Vanderbilt Museum Sells one-of-a-kind Chrysler
Vanderbilt Museum Sells One-of-a Kind 1937 Chrysler
Imperial to Collector and Historian Howard Kroplick
Proceeds Will Endow Care and Maintenance of Museum Collections
CENTERPORT, NY (February 7,2012) -- The Suffolk County Vanderbilt Museum has sold an extremely rare 1937 Chrysler Imperial Town Car commissioned by Walter P. Chrysler for his daughter, Bernice Chrysler Garbisch. Howard Kroplick of East Hills, NY, outbid several interested buyers and purchased the one-of-a-kind vehicle for $275,000 in a process supervised by the Vanderbilt Museum Board of Trustees.
1937 Chrysler Imperial Town Car
in Vanderbilt Mansion courtyard, circa 1986
Professional appraisals ranged up to $307,750 and the museum set the minimum bid at $125,000. The Vanderbilt made a public announcement of the sale in November, advertised the car nationally in Hemmings Motor News and issued a call for sealed bids. Inquiries came in from California, Connecticut, Maryland, Massachusetts, Nevada, New Jersey, New York and Washington State.
The car, donated to the Vanderbilt in 1959, was de-accessioned from the museum's collections in 1992. Proceeds will be used to establish an endowment for the care and maintenance of the museum's historic archives, collections and exhibitions.
Kroplick, chairman emeritus of The Impact Group, a Manhattan-based medical communications company, is an author, classic-car collector and a historian of the Vanderbilt Cup Races. He plans to restore the Chrysler to its original condition.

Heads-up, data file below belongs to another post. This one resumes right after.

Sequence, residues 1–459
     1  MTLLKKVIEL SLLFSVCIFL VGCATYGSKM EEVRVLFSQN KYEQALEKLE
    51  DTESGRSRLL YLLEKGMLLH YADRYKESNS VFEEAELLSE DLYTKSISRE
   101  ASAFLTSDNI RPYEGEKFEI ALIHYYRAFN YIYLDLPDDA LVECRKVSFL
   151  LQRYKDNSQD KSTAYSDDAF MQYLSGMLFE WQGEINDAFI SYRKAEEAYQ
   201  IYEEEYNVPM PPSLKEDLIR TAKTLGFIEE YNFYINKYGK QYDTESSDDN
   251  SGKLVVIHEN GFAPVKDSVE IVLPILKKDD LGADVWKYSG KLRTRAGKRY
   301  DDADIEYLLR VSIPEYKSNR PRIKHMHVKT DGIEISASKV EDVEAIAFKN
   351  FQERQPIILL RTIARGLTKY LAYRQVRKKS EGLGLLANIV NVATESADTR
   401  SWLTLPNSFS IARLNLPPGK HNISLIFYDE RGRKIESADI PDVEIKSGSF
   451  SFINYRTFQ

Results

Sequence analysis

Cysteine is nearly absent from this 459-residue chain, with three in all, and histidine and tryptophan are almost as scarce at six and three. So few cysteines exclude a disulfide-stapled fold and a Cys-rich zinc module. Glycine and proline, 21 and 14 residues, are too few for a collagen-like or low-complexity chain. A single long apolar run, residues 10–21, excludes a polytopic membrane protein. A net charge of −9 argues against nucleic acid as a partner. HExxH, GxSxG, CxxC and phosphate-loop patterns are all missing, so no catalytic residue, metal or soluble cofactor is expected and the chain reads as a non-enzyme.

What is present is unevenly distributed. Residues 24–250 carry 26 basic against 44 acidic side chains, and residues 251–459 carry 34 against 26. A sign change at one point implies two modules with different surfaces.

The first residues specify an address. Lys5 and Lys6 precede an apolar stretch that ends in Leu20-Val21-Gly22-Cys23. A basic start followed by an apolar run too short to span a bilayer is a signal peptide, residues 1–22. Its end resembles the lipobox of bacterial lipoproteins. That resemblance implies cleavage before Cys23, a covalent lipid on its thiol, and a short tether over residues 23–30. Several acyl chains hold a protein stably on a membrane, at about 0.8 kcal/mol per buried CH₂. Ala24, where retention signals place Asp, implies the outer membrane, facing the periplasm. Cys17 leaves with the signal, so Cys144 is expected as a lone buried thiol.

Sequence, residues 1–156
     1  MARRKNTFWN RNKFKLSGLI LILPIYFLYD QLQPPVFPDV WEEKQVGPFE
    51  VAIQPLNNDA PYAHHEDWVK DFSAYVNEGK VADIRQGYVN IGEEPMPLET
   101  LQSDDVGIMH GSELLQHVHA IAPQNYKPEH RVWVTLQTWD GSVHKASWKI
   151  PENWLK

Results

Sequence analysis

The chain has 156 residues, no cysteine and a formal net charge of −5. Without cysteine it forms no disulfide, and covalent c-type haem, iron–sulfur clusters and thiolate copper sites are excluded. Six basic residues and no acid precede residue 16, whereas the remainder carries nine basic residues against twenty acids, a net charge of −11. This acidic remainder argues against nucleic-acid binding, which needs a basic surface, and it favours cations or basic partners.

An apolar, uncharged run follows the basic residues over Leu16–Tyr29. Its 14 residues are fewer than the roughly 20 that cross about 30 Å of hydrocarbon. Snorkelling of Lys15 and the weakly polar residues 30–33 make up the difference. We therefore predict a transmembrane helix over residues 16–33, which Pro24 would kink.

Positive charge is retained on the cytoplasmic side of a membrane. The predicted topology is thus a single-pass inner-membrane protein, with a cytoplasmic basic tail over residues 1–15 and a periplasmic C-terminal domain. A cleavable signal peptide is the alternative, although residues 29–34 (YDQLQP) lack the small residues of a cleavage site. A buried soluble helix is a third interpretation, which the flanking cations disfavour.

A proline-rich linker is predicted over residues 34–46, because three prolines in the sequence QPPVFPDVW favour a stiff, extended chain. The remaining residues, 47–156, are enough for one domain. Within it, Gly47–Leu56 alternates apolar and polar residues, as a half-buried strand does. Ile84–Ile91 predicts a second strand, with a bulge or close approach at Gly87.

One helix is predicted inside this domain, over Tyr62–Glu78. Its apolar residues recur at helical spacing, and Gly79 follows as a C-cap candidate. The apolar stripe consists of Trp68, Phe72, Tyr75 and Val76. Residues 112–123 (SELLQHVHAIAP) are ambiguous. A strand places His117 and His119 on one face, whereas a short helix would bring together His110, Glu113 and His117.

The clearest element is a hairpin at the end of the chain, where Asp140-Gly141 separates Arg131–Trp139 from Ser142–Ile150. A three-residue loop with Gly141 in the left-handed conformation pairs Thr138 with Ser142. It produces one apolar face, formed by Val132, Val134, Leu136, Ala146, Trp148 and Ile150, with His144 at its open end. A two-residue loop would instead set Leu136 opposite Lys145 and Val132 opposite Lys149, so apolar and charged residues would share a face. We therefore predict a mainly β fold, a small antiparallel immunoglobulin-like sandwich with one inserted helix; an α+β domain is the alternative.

Lance Reinheimer, executive director of the Vanderbilt Museum, said, "Selling this Art Deco gem will enable us to create an endowment fund to preserve and care for the Vanderbilt collections. We're thrilled that Howard Kroplick, a passionate automotive historian and collector, is going to meticulously restore this unique piece of American automobile history."
Kroplick said, "I am very excited about the opportunity to restore this unique one-of-a-kind automobile. I have conducted research at the Vanderbilt Museum during the past nine years and am particularly pleased that the proceeds will help maintain the museum's historic archives and collections."
The sale of the car is a two-decade story. Stephanie Gress, the museum's director of curatorial services, said, "The decision to sell a collection piece is never undertaken lightly. Selling the Chrysler is the culmination of a 20-year project. The Vanderbilt's curator and trustees started the process in 1992 by deaccessioning the car and responsibly deferring the sale until a later date. Our current board and curatorial staff brought the disposition of this museum object to its logical conclusion."
Kroplick, 62, was recently named town historian for North Hempstead. His first book, The Vanderbilt Cup Races of Long Island was published in 2008. The Long Island Motor Parkway, with co-author Al Velocci, also was published that year. He has created a popular website, VanderbiltCupRaces.com, which provides comprehensive information on Long Island's racing history and current automotive events.